The Deform Manager component works as a link between Unreal and the Deform Dynamics physics engine. The manager retrieves information about the scene in Unreal, and sends it to the physics engine. The physics engine then sends the updated information back to the manager, which delegates it out to the objects which have been affected by the simulation.

  1. Go to the Place mode in the Modes window.
  2. Search for Deform Manager in the search bar and drag it into the scene.
  3. Alternatively, Navigate to DeformPlugin C++ Classes > Deform Plugin > Public in the Content Browser and drag the Deform Manager into the scene.
  4. The manager is initialized with a set of default parameters that you can use. Since the mesh we are going to simulate does not contain triangles of uniform size, we will enable Surface Sampling in the manager. If you want to change other parameters, there is more information here: Deform Manager actor.

Adding a Mesh Collider

The mesh collider creates a way for the deformable objects to interact with meshes in the Unreal Engine. It uses the triangle information of the mesh to do so.

  1. Navigate to DeformPlugin Content > Characters > Walking in the Content Browser and drag the animation sequence female_walking_Anim into the scene.
  2. In the female_walking_Anim details, set the location to (250, 0, 20) and the rotation to (0, 0, 90).
  3. Press the Add Component button and search for Deform Mesh Collider and add it.
  4. Select the Deform Mesh Collider component that you just added to the actor.
  5. Set the Kinetic Friction to 0.2, and the Static Friction to 0.4.
  6. Set the Bias to 0.0095.
  7. Enable Should Remesh and set Num Remeshed Vertices to 8000.

Adding a Deform Body

The Deform Body component specifies which meshes should be added to the simulation. It also takes care of the updating of the procedural mesh which is used to visualize the results provided by the engine.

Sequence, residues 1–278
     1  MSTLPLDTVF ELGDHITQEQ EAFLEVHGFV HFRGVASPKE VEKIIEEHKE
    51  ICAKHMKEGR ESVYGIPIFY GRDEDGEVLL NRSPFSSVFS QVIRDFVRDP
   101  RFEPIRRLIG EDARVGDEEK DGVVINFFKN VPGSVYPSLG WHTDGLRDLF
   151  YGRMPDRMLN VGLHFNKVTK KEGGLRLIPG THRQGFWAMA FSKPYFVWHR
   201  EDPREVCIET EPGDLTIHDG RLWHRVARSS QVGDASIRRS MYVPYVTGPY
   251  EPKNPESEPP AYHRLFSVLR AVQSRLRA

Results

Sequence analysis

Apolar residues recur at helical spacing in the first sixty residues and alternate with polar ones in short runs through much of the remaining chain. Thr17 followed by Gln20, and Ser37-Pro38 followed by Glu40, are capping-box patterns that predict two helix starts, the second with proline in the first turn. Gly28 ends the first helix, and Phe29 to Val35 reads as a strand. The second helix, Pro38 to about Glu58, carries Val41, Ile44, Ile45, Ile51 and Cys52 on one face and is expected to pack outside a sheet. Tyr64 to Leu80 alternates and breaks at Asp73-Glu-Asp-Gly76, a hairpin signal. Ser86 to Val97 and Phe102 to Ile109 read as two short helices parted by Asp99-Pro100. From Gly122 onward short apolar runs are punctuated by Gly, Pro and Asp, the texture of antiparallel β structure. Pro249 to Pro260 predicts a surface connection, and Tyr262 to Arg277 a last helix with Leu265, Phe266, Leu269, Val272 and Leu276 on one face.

1. Navigate to DeformPlugin Content > Meshes in the Content Browser and drag the mesh asymmetric into the scene.
  2. In the asymmetric details, set the location to (211, 21, 142) and the rotation to (345, 0, 90). It is important that the simulation starts from a position where the cloth is adequately placed around the character.
  3. Set the material to blueMaterial.
  4. Press the Add Component button and search for Deform Body Component and add it.

Painting friction

To prevent some parts of the cloth from sliding too much, one can use the vertex paint editor to paint higher friction values. This can be useful when you have a thin shoulder strap, like in this case.

  1. With the asymmetric object selected, press the Deform Paint mode in the Modes window.
  2. Select Kinetic Friction in the drop-down menu.
  3. Set the coefficient to 0.8.
  4. Move the mouse over the shoulder strap of the garment while holding the Left Ctrl key down.



Running the simulation

  1. Press play in the Unreal editor.


The result from following this tutorial can be found here: DeformPlugin Content > Levels > Tutorials > ClothedCharacter.

Saving a rest pose

This tutorial describes how to setup a simulation to start from the correct rest position. This involves simulating the cloth to a configuration that is adapted to the body of the character, and saving the cloth in that state. Then we also have to set the Base Mesh in the Deform Body Component to use the correct rest values.




Adding a Deform Manager